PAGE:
"The Foreign Minister is followed the unleashing of passions aroused by the article published in your columns [Africa Presse]," she said. "He clearly did not take the time to reflect and to find out what were the [international] commitments in this area of Cameroon. The image of Cameroon to the outside will take a hit."

"How can we deny the defense of a class of individuals in trouble with the law or a law? How can we say that we can defend the worst criminals and not homosexuals?," she said.

"Why am I threatened with a trial because I defend people that are persecuted, that we arbitrarily harassed, illegally poisoning their life in their own country, who are denied citizenship, denied even the most basic human dignity, that we all share? How you can tell me to blush because I defend them? Mon Dieu ! (My God!)"
"I am ashamed for Cameroon. It has got to stop. Cameroonians must stop this cacophony."
"You were seen with an earring, they stop you. We see that you have a beautiful body because you go to the gym, they say you're gay and you are being arrested. I do not agree with that. I refuse that. I would fight against it. All the time."
A spokesperson for a coalition of Cameroonian youth organizations, Sismondi Bidjocka Barlev, has declared a "fatwa" against LGBT people, accused the Cameroonian authorities of "passive complicity", called on youth to "track them [LGBT], denounce them, without any pity, not a single bit" and for mass protests outside of the EU office in Yaoundé and the arrest of Raoul Mateus Paula.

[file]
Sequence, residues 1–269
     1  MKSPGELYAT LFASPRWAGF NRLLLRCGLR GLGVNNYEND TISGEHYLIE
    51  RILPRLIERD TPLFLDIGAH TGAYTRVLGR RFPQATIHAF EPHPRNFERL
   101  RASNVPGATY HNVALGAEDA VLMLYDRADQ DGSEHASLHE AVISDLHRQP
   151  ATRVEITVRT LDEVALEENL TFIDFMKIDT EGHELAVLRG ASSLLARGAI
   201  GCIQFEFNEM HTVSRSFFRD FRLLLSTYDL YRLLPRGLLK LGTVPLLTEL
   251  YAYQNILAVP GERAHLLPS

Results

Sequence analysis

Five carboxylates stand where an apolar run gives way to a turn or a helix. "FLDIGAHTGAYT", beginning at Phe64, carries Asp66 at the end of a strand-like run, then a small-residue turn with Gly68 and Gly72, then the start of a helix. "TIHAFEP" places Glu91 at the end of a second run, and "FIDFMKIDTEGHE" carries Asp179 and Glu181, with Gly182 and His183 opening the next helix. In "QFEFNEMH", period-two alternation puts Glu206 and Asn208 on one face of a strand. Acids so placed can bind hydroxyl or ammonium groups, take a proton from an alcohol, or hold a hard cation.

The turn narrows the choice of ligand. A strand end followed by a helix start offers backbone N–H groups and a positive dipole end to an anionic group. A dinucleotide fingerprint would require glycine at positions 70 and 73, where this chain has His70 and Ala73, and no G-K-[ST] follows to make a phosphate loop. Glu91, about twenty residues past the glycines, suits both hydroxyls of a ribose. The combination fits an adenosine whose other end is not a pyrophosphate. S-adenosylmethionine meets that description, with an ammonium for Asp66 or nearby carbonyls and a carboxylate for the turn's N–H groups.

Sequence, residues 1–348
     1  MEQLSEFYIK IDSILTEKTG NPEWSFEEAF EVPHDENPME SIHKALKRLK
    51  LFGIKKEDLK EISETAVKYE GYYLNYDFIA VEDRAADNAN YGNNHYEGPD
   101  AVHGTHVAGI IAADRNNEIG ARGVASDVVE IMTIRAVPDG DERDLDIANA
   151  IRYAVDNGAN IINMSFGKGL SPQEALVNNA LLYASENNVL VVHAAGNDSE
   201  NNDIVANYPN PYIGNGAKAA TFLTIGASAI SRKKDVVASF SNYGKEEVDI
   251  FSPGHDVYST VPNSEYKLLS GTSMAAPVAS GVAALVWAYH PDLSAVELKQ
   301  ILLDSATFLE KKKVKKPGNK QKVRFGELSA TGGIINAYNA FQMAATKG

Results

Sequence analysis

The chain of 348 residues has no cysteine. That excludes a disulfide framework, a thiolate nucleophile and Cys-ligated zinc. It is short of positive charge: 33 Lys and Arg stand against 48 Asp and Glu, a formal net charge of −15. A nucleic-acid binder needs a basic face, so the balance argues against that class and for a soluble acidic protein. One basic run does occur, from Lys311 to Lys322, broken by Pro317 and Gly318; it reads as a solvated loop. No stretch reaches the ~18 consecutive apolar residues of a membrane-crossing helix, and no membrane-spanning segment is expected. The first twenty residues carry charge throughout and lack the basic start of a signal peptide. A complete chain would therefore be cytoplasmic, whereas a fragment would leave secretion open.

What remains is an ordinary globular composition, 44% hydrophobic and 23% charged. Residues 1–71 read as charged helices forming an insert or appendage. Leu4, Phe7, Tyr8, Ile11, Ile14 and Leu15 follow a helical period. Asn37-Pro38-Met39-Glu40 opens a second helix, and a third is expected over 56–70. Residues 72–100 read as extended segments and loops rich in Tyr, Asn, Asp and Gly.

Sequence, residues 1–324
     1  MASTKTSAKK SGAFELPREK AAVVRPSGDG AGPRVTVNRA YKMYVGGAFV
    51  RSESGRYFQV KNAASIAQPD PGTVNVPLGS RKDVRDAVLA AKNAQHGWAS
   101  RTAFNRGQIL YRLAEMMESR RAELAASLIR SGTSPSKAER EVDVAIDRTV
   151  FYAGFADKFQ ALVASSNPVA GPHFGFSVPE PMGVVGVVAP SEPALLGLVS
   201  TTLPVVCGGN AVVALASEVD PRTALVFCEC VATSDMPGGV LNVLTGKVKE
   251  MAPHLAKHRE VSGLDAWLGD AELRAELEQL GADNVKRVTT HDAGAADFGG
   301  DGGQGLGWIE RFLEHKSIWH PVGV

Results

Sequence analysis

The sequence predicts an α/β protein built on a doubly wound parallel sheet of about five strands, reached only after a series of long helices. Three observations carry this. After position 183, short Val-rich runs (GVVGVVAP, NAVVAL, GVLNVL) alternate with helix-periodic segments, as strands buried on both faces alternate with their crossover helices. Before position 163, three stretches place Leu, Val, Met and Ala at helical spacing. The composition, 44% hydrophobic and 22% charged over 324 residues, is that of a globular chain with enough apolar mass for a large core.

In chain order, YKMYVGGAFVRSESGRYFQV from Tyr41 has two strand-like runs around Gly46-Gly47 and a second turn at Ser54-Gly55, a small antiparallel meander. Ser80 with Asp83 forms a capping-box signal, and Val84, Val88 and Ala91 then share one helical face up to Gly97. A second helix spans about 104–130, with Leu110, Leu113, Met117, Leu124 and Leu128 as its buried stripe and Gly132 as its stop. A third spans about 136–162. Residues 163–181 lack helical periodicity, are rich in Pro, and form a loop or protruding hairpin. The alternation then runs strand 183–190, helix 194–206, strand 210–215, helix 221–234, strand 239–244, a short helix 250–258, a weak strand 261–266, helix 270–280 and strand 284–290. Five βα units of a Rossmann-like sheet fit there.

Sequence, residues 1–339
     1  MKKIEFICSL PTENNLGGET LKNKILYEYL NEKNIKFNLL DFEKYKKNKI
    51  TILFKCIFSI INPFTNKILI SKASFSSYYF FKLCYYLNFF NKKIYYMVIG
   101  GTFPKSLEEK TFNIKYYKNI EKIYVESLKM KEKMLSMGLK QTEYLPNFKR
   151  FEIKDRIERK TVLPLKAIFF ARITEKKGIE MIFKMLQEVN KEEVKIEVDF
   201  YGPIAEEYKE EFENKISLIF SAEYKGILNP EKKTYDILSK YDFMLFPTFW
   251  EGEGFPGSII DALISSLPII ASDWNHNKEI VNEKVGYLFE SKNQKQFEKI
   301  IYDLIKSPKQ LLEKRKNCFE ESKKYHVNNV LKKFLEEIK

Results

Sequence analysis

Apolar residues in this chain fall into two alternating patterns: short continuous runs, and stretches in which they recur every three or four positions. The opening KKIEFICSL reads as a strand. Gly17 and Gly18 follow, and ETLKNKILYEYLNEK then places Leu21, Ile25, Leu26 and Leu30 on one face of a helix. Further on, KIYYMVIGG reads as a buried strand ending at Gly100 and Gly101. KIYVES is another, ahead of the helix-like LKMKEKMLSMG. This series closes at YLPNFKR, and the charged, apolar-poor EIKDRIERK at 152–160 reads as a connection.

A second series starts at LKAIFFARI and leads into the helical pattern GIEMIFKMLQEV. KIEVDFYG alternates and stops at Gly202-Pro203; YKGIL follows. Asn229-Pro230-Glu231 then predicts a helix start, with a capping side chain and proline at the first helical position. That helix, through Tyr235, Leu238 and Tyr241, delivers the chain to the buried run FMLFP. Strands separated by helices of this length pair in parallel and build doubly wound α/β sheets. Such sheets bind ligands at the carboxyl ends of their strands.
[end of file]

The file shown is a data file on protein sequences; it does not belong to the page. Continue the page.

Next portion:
Nkom has shrugged off the threat of arrest saying in an e-mail to a group of Cameroon's leading gay rights activists:
"I believe I will be arrested in the coming days, but I will not lose sleep over this or, especially, abandon what we have begun together."
The Paris LGBT Centre said that it "calls on French and international institutions to ensure [Nkom's] safety and to intervene before it is disturbed."

Act Up-Paris and ADEFHO urged the Cameroonian authorities to "stem the flow of hate against homosexuals, as well as members of ADEFHO" and asked the French government to "publicly condemn  violence against sexual minorities and their advocates in Cameroon as elsewhere in the world."

Update, 23 January: In a joint statement, Spanish group Fundación Triángulo and ADEFHO said:
Alice Nkom’s physical wellbeing was publicly threatened on STV2 Television in Cameroon when, on 11 Jan 2011, Kengouum Celestin, a lawyer in Cameroon, said: “I have friends that have told me that they are waiting to run into you in some dark corner of the city to ‘have some major fun action with you’.”

These words were directed at Mrs. Nkom. The threats have gone “in crescendo” in the last few days both against members of the organization as well as Mrs. Nkom herself.
Ten Cameroonian human rights NGOs have urged the government to reconsider its position and meet its international commitments on human rights.

The International Gay and Lesbian Human Rights Commission (IGLHRC) has written a letter to President Paul Biya of Cameroon (pfd) to express deep concern.
"Act swiftly to protect Madame Nkom, ADEFHO, all LGBT organizations and all LGBT people from violence, including by swiftly condemning hate speech by members of government and civil society and preventing the possibility of mob violence targeting human rights defenders and LGBT people," they wrote.

HT African Activist